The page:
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Maderas. Ciencia y tecnología

On-line version ISSN 0718-221X

Maderas, Cienc. tecnol. vol.21 no.2 Concepción Mar. 2019 


Assessing the natural durability of different tropical timbers in soil-bed tests

Serafín Colín-Urieta1 

Artemio Carrillo-Parra2 

José Guadalupe Rutiaga-Quiñones1 

Pablo López-Albarran1 

Rosalio Gabriel-Parra1 

José Javier Corral-Rivas2 

1Facultad de Ingeniería en Tecnología de la Madera, Universidad Michoacana de San Nicolás de Hidalgo, Morelia, Michoacán, México.

2Instituto de Silvicultura e Industria de la Madera, Universidad Juárez del Estado de Durango, Durango, México.


Ground contact speeds up timber decay because of the large number of microorganisms in soil. This study, we assessed the natural durability of seven tropical species using the European standard EN-807 (2001). We embedded samples of Dalbergia granadillo, Cordia elaeagnoides, Swietenia humillis, Tabebuia donell-smithii, Hura polyandra, Enterolobium cyclocarpum and Tabebuia rosea and temperate species Fagus sylvatica (as a control) in sandy, clay-sandy-loam and clay-loam for 8, 16, 24 and 32 weeks. We evaluated durability of the samples by determining the mass loss and modulus of elasticity (MOE) loss. The results varied significantly (p < 0,001) depending on timber species and soil type considered. The D. granadillo and C. elaeagnoides were the most durable, with mass losses of 4,5%; 6,5% and MOE losses of 4,5%; 20,5%; respectively. F. sylvatica, T. rosea and E. cyclocarpum samples were the least durable, with mass losses of 22,3-25% and MOE losses of 35,8-59,8% respectively. Decay was most aggressive in sandy-clay-loam soil followed by the clay-loam soil and finally the sandy soil.

Keywords: Decay; ground contact; mass loss; MOE loss; tropical wood.


Tropical timber species vary in color, chemical composition, physical and mechanical properties and durability. Some woods are particularly attractive and is used to make furniture, musical instruments, car interior trims and various types of handicrafts. Worldwide trade in tropical timber products reached a global volume of 273,1 million m3 in 2014 (OIMT 2015). According to the Statistical Yearbook of Forestry Production of 2015 (SEMARNAT 2016), 336064m3 (Total Stem Volume, TSV) of common tropical timber species and 13378 m3 TSV of precious tropical species were harvested in Mexico, represent 5,7% of the total production and with a value of US$ 24909087,1 (SEMARNAT 2016).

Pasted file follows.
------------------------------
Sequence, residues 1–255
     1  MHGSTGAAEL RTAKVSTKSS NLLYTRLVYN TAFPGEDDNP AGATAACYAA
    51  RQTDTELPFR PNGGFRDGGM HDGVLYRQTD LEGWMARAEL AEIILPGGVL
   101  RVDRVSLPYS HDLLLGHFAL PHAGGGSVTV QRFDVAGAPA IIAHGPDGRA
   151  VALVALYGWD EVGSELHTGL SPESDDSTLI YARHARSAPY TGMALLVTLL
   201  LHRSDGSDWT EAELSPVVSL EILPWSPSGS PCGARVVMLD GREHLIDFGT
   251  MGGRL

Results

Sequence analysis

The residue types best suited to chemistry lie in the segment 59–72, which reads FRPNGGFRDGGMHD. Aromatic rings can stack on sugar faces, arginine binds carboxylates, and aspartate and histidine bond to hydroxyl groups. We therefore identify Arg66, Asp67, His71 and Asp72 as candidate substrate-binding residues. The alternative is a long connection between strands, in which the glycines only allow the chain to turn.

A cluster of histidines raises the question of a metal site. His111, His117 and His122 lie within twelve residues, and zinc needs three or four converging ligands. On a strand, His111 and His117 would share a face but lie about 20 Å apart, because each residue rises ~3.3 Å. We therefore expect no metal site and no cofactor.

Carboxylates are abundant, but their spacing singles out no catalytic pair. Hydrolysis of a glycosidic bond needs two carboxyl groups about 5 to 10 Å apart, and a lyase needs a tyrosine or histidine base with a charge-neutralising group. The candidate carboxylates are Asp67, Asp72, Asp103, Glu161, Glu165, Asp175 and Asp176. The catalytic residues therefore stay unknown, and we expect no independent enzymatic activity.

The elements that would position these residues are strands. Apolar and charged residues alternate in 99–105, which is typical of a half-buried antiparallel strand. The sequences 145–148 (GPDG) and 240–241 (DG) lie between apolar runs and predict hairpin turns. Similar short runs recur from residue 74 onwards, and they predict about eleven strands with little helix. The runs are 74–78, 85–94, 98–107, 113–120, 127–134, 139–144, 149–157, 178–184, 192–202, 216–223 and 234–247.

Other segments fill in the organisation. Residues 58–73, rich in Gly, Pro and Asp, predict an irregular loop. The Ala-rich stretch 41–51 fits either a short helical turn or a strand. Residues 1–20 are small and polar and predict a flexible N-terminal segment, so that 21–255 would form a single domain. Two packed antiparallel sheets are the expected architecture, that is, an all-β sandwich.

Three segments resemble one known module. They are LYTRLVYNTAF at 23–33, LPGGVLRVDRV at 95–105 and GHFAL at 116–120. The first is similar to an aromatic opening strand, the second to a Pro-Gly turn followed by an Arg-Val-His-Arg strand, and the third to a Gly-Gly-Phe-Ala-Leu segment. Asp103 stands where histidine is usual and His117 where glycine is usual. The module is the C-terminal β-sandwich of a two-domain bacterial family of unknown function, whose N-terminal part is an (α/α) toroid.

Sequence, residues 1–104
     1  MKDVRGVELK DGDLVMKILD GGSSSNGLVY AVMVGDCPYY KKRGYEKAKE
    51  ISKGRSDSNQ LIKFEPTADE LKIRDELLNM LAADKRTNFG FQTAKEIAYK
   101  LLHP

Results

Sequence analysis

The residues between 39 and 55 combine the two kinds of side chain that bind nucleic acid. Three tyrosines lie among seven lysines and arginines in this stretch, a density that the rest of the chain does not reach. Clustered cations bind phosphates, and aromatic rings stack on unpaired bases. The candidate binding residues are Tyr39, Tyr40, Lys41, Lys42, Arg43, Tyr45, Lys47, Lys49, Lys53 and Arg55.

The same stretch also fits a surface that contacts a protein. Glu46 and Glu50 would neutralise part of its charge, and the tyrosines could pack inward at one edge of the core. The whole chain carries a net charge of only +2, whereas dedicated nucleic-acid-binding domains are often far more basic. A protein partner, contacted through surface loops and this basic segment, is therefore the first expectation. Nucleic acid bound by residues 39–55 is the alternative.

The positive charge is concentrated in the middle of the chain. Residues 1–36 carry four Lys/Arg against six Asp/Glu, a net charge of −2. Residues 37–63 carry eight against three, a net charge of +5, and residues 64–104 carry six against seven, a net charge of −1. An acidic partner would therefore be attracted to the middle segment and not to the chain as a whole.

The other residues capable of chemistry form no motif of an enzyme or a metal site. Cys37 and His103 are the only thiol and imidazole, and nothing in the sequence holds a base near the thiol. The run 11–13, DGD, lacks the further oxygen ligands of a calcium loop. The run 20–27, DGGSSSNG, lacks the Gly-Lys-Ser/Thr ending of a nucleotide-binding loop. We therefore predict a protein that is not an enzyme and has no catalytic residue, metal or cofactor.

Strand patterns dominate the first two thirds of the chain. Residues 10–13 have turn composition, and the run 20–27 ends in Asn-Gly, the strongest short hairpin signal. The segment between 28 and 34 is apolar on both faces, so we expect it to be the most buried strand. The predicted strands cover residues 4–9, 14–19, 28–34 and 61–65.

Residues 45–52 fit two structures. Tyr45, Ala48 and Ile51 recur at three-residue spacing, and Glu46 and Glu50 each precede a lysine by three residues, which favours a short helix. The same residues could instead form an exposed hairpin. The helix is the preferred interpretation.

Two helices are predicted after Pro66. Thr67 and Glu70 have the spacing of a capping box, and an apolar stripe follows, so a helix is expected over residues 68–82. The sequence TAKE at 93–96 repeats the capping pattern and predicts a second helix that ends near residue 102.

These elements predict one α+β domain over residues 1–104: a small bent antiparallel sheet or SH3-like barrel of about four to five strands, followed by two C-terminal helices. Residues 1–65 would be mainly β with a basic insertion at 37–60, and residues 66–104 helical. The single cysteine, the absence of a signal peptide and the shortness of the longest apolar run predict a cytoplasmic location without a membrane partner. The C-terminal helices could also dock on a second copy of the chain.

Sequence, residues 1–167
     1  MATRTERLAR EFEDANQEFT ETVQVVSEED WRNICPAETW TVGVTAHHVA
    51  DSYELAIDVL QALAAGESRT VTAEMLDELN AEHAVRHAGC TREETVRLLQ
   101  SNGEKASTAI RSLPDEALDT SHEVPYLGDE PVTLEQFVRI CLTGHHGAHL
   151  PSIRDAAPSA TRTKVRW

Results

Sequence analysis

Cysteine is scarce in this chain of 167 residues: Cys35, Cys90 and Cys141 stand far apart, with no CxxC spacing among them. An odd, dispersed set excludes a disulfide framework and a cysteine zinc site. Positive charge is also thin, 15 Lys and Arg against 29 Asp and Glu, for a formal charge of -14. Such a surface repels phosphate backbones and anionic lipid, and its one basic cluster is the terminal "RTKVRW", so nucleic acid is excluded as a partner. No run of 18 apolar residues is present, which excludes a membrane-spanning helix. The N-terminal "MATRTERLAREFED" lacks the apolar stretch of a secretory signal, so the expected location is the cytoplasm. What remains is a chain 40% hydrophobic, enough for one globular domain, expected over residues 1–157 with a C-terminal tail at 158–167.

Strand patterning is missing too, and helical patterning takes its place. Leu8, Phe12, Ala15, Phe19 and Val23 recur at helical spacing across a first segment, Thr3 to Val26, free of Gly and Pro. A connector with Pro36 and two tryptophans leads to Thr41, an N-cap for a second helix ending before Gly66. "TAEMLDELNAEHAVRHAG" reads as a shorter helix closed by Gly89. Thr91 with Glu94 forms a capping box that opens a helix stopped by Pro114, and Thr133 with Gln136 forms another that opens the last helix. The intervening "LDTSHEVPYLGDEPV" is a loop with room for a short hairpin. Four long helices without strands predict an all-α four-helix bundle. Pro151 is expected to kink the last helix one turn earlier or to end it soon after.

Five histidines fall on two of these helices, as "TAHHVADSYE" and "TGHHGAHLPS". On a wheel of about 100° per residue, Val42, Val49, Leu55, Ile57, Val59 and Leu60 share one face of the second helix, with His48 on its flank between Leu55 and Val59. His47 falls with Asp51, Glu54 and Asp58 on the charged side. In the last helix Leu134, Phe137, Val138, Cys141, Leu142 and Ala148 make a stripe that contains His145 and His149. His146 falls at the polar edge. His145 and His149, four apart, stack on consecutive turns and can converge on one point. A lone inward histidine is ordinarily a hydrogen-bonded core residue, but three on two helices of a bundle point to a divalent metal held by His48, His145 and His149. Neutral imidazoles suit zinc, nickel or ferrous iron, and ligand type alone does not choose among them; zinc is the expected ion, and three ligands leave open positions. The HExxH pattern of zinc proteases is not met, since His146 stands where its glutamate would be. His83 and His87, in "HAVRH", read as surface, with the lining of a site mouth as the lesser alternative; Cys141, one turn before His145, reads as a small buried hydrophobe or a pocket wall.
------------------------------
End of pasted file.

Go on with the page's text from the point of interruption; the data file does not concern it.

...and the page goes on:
Technological characterization of lesser known tropical species (LKTS) have enabled replacement of over-harvested timber species with some of these other species in the furniture-making and musical instrument sectors. In addition to aesthetic criteria used for timber species selection, natural durability is one of the most important attributes.

Natural durability is defined as the resistance of the timber species to degradation by biotic and abiotic media (Eaton and Halle 1993). Durability can be evaluated using a variety of laboratory and field-based methods (Meyer et al. 2014). The most common method involves embedding the timber in soil, which after sea water, is one of the most aggressive types of environment to which timber is exposed. The wide variety of microorganisms in soil, such as soft rot fungi (Ascomycetes) guarantee the effectiveness of the test, because microorganisms are capable of adapting to different environmental conditions (soil) and to timber preservatives (Schmidt 2006). The rate of decay of timber varies according to the type of soil used. Factors such as soil type, moisture content, chemical properties and the microorganisms present influence the type of attack and level of degradation (Jebrane et al. 2014, De Avila et al. 2016).

The main objective of this study was to evaluate the natural durability of samples of the tropical timber species Cordia elaeagnoides, Dalbergia granadillo, Enterolobium cyclocarpum, Hura polyandra, Swietenia humillis, Tabebuia donell-smithii and Tabebuia rosea, were loss of mass and modulus of elasticity caused by exposure of the timber samples to different types of soil under laboratory conditions.

Materials and methods

Timber species and sample preparation

Samples of undamaged, defect-free heartwood from Cordia elaeagnoides DC, Dalbergia granadillo Pittier, Enterolobium cyclocarpum (Jacq.) Griseb, Hura polyandra Baill, Swietenia humillis Zucc, Tabebuia donell-smithii Rose and Tabebuia rosea (Bertol) DC and of the temperate specie Fagus sylvatica L. (as a control) were obtained from the Faculty of Wood Technology, University of San Nicolás de Hidalgo (México). The wood was cut into 100 x 10 x 5 mm3 (length x radial x tangential) specimens for testing.

Soil origin, preparation and analysis

Clay-sandy-loam, clay-loam and sandy soils were collected from sites in the Mexican states of Veracruz, Nuevo León and Michoacán. The samples were placed in plastic containers (60 x 40 x 15 cm3) for the test and maintained at 20±2 °C; humidity, 65% ±2; and soil moisture content, 95% of water holding capacity (WHC). The soil pH, electrical conductivity and texture were determined according to NOM-021-RECNAT (2000), and the organic matter content following Walkley and Black (1934). The site description and analytical results are summarized in Table 1.